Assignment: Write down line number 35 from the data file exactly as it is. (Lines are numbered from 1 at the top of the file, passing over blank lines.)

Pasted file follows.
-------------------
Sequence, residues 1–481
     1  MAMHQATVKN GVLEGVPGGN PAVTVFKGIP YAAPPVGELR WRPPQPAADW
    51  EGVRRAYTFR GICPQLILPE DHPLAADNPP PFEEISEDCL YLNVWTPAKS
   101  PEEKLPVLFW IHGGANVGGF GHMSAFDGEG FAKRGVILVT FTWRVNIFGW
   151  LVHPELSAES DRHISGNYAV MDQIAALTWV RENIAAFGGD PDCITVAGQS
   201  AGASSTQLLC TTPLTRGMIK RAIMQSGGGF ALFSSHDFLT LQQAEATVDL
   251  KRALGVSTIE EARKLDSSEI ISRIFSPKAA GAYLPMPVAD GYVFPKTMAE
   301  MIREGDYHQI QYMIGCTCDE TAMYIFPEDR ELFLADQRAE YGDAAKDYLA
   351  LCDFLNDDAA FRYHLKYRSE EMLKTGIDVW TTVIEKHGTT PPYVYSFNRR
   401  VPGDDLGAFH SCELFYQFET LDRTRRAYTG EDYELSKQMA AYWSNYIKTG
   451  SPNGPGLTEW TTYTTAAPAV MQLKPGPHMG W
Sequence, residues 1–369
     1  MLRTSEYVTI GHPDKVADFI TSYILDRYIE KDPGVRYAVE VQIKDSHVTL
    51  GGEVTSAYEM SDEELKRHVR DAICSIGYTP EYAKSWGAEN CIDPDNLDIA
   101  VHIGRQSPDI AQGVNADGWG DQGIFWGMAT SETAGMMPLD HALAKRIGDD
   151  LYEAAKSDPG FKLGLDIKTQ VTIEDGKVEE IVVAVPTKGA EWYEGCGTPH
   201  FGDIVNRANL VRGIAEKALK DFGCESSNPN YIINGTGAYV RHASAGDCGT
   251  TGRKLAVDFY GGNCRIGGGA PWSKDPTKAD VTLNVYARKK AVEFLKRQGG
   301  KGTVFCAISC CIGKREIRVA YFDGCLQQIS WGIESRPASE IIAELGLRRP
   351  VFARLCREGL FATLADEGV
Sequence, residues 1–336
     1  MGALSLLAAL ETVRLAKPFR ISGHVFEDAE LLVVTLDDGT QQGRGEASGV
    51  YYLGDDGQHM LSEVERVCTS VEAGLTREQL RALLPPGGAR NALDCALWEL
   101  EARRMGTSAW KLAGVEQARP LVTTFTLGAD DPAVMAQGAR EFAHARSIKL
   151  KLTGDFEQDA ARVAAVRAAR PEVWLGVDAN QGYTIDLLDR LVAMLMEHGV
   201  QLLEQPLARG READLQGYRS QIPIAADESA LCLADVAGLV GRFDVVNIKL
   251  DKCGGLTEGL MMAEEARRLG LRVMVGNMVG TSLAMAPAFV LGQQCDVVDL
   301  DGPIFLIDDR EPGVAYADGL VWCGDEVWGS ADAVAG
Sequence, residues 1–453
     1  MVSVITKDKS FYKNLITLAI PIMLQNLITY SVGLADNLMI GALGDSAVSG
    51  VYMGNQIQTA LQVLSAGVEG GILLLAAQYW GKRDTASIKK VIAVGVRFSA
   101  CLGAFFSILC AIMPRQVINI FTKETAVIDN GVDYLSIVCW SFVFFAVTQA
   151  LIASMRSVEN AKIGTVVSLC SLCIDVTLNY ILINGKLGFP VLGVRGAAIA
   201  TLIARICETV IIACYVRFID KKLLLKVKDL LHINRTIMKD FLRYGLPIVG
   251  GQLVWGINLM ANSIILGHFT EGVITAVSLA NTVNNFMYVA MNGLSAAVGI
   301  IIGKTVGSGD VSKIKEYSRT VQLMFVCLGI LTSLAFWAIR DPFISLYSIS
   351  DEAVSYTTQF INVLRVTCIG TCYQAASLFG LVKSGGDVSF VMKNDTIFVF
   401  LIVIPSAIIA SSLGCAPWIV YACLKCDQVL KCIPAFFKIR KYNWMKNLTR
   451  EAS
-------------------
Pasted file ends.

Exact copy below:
   251  GQLVWGINLM ANSIILGHFT EGVITAVSLA NTVNNFMYVA MNGLSAAVGI